My Decision to be a Working Mom & How I Cope With It

A friend and I met for coffee during her first week at work after being on maternity leave for two months.  Before the baby came, she thought she’d be eager to return to work, but she soon realized that was not the case.  Instead, she was distressed.  She yearned to be home with her baby, even though she loved the adult interaction, feelings of accomplishment, and financial reward that came from working. 

It tugged at her heart each morning when she handed her baby, who at eight weeks just started to socially smile, over to a daycare provider.  It pained her because she knew that she would not see him for another 10 hours.  She also realized that somebody else would most likely see his first crawl, find his first tooth and hear his first word.  She said to me, “I feel like this other person is raising my son.  What if he gets confused on who his mommy is?”

I related to her because I felt similarly when I first brought my daughter to daycare.  I sympathized and told her the following.

Your son will always know who mommy is.  Yours is the first face he sees every morning and the last face he sees before bed. When he cries in the middle of the night, you are the one who comes to him.  When he is sick and feels unwell, you are the one holding and nurturing him.  You are the most important person in his life and that won’t change for a long time.

My friend expressed relief and I realized how much I would have liked somebody to share those words with me when I was a new mom returning to work.  At that time I struggled because I underestimated the emotional conflict that would ensure, and because I had financial goals that I didn’t believe I could achieve without working.

Emotionally I wanted to be home with my baby, but I am also really proud of my career and I enjoy most of the challenges it brings.  I actively pursued my professional path for eight years before becoming a mom.  Those years were filled with commitment and growth.  I’m still moving with a lot of momentum that was built during that time.  Furthermore, I want my daughter to see me as a strong and independent woman so that she does not limit herself.

Financially, I understand that my efforts contribute to the standard of living that my husband and I desire. While we long for financial freedom, we don’t want to downsize our lifestyle.  I am confident we’ll get there, but we’ll do it taking the scenic route, so to speak.

I chose to bring my daughter, and now my son too, to daycare so that I can have, and provide my family with, the life I want for us.  It’s a choice filled with caring but often pitted with guilt. Even so, I make that choice every day.  Ultimately, I am sharing all of this to give solidarity to other working parents because we share this experience.  Not identically, but I believe we have similar feelings rooted in our similar circumstances.

Here are some tips that have helped me cope with being a working mom.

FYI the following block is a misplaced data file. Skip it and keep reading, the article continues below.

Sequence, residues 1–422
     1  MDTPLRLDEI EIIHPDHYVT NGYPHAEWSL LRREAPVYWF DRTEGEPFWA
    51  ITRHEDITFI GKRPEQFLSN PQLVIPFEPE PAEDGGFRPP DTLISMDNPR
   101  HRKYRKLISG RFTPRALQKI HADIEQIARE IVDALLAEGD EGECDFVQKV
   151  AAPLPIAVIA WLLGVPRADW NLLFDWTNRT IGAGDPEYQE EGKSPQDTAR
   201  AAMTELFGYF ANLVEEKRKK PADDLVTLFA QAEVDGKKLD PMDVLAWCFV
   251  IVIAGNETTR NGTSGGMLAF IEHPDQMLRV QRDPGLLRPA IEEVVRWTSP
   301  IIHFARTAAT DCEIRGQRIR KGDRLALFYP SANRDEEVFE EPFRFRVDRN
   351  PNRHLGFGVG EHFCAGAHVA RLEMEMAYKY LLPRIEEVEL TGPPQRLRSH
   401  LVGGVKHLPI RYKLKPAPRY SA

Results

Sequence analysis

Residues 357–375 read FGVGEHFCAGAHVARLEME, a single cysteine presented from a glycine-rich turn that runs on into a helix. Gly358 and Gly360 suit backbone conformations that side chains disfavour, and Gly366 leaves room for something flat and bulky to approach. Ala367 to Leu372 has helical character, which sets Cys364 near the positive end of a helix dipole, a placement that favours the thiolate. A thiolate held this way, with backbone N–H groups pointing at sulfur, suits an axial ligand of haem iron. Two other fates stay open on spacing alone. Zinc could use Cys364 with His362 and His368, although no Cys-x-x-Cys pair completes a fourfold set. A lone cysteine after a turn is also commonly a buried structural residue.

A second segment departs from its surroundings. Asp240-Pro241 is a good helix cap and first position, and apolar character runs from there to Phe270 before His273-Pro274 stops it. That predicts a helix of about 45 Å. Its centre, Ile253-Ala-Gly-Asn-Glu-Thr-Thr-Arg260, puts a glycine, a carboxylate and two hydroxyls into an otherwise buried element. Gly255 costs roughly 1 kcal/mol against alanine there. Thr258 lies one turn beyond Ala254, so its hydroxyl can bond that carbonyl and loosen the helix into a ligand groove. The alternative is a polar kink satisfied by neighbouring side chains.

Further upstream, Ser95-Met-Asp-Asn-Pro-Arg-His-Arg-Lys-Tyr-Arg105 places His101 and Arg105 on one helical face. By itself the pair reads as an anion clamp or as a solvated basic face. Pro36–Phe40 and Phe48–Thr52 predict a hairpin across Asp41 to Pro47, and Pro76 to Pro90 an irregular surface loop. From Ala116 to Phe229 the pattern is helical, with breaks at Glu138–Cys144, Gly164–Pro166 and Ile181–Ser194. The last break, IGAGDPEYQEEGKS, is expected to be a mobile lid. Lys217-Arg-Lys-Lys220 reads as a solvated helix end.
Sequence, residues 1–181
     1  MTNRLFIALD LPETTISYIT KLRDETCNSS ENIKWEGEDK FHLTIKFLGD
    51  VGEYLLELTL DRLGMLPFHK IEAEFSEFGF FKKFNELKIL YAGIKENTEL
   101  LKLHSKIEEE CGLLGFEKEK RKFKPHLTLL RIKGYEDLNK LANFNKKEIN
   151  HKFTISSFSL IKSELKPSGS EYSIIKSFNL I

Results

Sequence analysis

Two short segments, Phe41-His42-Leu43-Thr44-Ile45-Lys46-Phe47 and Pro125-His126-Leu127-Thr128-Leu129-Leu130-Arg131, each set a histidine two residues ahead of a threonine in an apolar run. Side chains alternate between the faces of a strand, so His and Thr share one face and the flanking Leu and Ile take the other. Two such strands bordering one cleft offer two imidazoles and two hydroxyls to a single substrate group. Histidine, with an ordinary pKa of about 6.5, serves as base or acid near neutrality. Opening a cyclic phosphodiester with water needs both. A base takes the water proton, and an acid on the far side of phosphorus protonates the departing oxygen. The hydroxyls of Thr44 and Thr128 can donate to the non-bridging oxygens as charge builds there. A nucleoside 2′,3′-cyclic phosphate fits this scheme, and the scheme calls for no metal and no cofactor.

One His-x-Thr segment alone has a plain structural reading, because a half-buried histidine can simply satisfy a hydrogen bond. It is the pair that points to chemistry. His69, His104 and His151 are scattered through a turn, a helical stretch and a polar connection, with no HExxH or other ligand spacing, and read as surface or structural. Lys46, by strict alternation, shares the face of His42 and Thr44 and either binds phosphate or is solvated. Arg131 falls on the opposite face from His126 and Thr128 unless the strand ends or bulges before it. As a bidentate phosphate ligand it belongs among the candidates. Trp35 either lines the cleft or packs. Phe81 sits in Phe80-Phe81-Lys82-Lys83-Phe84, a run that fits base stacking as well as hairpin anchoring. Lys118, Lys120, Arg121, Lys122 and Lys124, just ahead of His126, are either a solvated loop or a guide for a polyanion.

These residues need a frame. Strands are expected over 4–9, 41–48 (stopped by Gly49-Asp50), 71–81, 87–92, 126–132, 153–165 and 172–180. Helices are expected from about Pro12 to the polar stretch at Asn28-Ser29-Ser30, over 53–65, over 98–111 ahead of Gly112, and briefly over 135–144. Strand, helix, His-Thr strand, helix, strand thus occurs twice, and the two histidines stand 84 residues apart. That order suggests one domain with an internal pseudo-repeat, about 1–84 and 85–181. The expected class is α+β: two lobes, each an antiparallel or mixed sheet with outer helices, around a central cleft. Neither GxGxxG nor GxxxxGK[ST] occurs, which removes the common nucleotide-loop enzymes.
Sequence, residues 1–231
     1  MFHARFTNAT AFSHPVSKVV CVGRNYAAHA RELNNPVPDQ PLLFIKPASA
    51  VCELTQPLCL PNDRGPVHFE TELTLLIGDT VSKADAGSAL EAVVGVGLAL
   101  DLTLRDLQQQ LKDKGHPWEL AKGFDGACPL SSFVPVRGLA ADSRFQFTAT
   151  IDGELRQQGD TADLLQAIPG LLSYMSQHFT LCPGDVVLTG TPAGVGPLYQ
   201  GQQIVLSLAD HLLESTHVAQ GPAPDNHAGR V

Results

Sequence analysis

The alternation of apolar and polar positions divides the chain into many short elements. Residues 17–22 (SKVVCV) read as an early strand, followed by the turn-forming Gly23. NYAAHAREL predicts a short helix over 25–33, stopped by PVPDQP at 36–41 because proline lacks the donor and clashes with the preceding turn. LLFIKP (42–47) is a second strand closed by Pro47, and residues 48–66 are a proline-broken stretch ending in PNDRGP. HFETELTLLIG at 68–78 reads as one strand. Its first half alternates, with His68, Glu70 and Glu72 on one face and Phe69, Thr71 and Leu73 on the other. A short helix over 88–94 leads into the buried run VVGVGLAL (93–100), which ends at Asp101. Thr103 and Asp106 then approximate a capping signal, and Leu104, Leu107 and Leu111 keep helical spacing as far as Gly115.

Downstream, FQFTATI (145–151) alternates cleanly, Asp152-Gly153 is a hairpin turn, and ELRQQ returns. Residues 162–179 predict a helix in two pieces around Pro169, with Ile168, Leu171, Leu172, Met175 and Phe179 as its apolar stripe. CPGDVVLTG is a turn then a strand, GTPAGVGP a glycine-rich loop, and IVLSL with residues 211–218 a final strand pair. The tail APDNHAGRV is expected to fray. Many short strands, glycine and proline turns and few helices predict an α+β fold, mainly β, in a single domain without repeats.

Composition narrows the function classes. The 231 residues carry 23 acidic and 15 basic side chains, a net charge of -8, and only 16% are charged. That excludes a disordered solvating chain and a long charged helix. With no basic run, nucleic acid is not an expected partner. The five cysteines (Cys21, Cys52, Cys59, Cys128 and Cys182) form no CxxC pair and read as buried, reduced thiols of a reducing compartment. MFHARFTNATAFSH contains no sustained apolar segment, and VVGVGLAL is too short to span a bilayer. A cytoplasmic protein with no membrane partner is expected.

• Treat Daycare Like Family – Recognize that the women who care for your child while you are working play a very important role in your family and in society.  They have probably grown to love your child.  To me, this makes them family.  Celebrate milestones, birthdays and holidays with them.   Your acknowledgement of their role is the right thing to do, and when you think of them as family it reduces your worries.
  • Reorganize Your Routine – Find ways to get your chores like laundry and shopping done at night or during workday breaks.  Consider using services like online shopping, grocery delivery, or a housekeeper.  This can free up time to do special things with your children on the weekends.
  • Talk to Other Working Parents– Form relationships with people who are coping with similar stress.  They are understanding.  Also, if their children are older than yours, they may offer insights on how to tackle various issues.
  • Be Grateful – Remind yourself why you make the choice to work.  Is it to sustain a lifestyle you enjoy or for the personal fulfillment?  Whatever your reasons are, when you catch yourself dwelling on what you are “missing out on,” make it a point to shift your attention to what you are gaining.

It’s easy to fall into the habit of feeling trapped or like you have no choice but to work, however you always have a choice on how you react to your circumstances.  Using these tips helped me embrace my decision to stay in the workforce.  I own it and try hard to stay grateful during the challenging times.  This level of personal accountability is the foundation of my personal power.

Published by christinaedel

After paying off $503,000 in debt - including student loans, credit cards, vehicles and two properties - I found my passion is helping others clean up their money messes. Aside from the experience of overhauling my own financial household, I am certified by Dave Ramseys

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